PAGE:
It didn’t require supernatural powers of clairvoyance to guess the name of President Trump’s nominee to lead the Department of the Interior as successor to the cartoonishly unethical Ryan Zinke.
Trump’s choice, David Bernhardt, has been working as Zinke’s deputy virtually since the start of the Trump administration. He had served a prior stint at the agency under George W. Bush from 2001 to 2009.
But the key to the appointment plainly is his history as an industry lobbyist.
It’s a humbling privilege to be nominated ... to accomplish the balanced, common sense vision of our President.
That’s not just a shot in the dark. Bernhardt’s career record as a lobbyist tracks closely with the career paths of numerous other Trump appointees to Cabinet posts and other important positions. A shocking number were lobbyists or top corporate executives in industries that had been under the jurisdiction of their current agencies.
Let’s call the roll. Alex Azar, secretary of Health and Human Services: Lobbyist for the drug giant Eli Lilly & Co. from 2007 to 2017, when he skated over to HHS. During his tenure as a top executive in Lilly’s lobbying shop, the company’s lobbying expenses totaled nearly $89 million, much of it spent during the period when the Affordable Care Act — on which Azar now sets policy — was being debated and drafted in Congress.
-Ryan Zinke out at Interior, lobbyist in. Zinke gets industry gig.— Public Citizen (@Public_Citizen) January 16, 2019
-Scott Pruitt out at EPA, lobbyist in. Pruitt gets industry gig.
-Tom Price out at HHS, pharma exec in. Price gets industry gig.
A quick thread on the Trump administration’s perfect cycle of corruption:
Patrick Shanahan, acting secretary of Defense: A veteran of Boeing corporate management, a major defense contractor, for more than 30 years. Among Shanahan’s responsibilities during his career at Boeing were stints as general manager of Boeing Missile Defense Systems and of Boeing Rotocraft Systems, which made the Apache, Chinook and Osprey military aircraft.
Andrew Wheeler, acting administrator of the Environmental Protection Agency (and nominee as administrator): Former lobbyist for energy companies, including Murray Energy, a coal company whose CEO, Bob Murray, drafted a set of proposed executive orders for Trump to use in rolling back environmental regulations.
The charitable view of stocking the upper reaches of the government with former industry executives is that they have the necessary expertise to ride herd on their former business colleagues. Unfortunately, there’s scant evidence that this is what happens in real life, and an abundance of evidence that the opposite is true.
Bernhardt’s activities at Interior are a case in point. As we reported in November, when Zinke was still secretary but his departure appeared to be imminent, Bernhardt’s former lobbying clients and related interests found themselves in remarkably good odor at Interior once he was confirmed as deputy.
The Western Values Project, a progressive-funded Montana organization, alleged in a lawsuit filed last year that many of Bernhardt’s former clients “began receiving sudden and dramatic windfalls only months since his swearing in.”
One is Cadiz Inc., the developer of a putative water storage project in the Mojave Desert that paid the Brownstein firm $2.75 million in lobbying fees and 200,000 shares of stock while Bernhardt was at the firm; Scott Slater, a Brownstein attorney, currently serves as the Cadiz CEO. Within months of Bernhardt’s confirmation, Interior withdrew legal rulings adverse to Cadiz, giving the water project a new lease on life despite years of findings that it’s essentially useless and environmentally damaging. Cadiz is on Bernhardt’s recusal list.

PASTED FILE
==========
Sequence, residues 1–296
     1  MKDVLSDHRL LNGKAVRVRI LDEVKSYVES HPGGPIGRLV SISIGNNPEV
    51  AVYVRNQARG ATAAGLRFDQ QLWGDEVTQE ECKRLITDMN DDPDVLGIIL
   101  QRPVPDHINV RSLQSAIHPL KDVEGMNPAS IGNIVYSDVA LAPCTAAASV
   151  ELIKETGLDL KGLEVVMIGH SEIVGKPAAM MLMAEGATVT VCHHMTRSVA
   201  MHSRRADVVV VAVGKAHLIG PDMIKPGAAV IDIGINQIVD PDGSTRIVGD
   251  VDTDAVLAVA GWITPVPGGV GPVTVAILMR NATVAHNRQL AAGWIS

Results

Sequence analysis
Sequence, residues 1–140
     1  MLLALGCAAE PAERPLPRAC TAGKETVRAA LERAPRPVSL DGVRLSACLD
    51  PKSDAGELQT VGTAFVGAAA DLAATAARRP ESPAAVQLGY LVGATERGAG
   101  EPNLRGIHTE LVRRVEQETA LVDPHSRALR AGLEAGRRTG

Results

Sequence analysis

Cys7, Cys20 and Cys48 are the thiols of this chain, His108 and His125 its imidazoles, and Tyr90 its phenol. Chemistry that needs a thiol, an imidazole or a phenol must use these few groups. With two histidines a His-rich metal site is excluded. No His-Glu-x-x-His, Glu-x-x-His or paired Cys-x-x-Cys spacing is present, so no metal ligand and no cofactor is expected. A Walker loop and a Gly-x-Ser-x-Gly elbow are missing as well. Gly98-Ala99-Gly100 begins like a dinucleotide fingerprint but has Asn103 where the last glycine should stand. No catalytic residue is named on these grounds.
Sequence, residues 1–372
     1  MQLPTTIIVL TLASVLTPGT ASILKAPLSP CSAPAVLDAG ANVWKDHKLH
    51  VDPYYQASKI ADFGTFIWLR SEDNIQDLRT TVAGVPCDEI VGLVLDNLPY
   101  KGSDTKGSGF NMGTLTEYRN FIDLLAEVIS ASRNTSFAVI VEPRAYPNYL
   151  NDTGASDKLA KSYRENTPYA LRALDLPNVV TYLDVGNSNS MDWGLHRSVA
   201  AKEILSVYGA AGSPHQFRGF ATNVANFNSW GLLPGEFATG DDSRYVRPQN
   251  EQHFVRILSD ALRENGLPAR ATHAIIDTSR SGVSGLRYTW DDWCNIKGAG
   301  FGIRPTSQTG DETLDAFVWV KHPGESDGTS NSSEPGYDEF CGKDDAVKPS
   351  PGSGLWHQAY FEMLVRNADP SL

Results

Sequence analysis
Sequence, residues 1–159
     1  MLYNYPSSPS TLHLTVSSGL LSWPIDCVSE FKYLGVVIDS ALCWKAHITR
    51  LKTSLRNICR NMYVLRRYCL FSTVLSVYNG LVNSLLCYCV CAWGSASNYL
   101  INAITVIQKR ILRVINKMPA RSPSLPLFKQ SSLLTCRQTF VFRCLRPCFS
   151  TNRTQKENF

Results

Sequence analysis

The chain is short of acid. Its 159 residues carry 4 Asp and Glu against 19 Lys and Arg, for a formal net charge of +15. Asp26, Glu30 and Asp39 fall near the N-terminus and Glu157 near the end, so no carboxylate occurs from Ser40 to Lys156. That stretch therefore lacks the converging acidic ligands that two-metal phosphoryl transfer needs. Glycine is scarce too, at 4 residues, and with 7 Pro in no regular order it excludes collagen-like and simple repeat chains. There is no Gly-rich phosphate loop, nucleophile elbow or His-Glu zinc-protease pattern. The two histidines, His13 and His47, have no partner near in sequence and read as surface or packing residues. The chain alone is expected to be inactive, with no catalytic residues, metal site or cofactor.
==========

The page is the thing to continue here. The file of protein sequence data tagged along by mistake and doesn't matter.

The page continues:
The Independent Petroleum Assn. of America, another outfit on Bernhardt’s list, benefited when Interior took steps to revise government agreements protecting the sage grouse— and thanked Bernhardt personally for the action. Last August, Bernhardt produced an op-ed for the Washington Post that amounted to a broadside against the Endangered Species Act, a law over which he had sued Interior on behalf of California’s giant Westlands Water District, which would love to see a rollback of the law.
At EPA, Wheeler hasn’t been shy about pushing policies dear to the heart of coal companies and the fossil fuel industry, especially skepticism about climate change. At his Senate confirmation hearing last month, Wheeler dismissed official reports documenting the effects of climate change, although he acknowledged that he hadn’t fully read the report issued by his own agency. He has continued to push ahead with numerous deregulatory initiatives started by Pruitt.
Azar at HHS has proposed initiatives aimed at halting the run-up in pharmaceutical prices, but whether he has achieved material change is debatable. More important, he has presided over the systematic sabotage of the Affordable Care Act advocated by Trump, including the promotion of short-term junk health insurance plans and the tolerance of new work requirements for low-income Americans on Medicaid.
One such plan proposed by Kentucky and approved by Azar won the disdain of a federal judge, who ruled that Azar had paid no attention to the state’s own projection that its policy would lead to a loss of coverage for nearly 100,000 enrollees.
That underscores the dangers of placing lobbyists in control of the Trump administrative swamp: Their interest in policies aimed at helping their former (and perhaps future) employers remains vibrant; their interest in government policies that help ordinary Americans, not so much.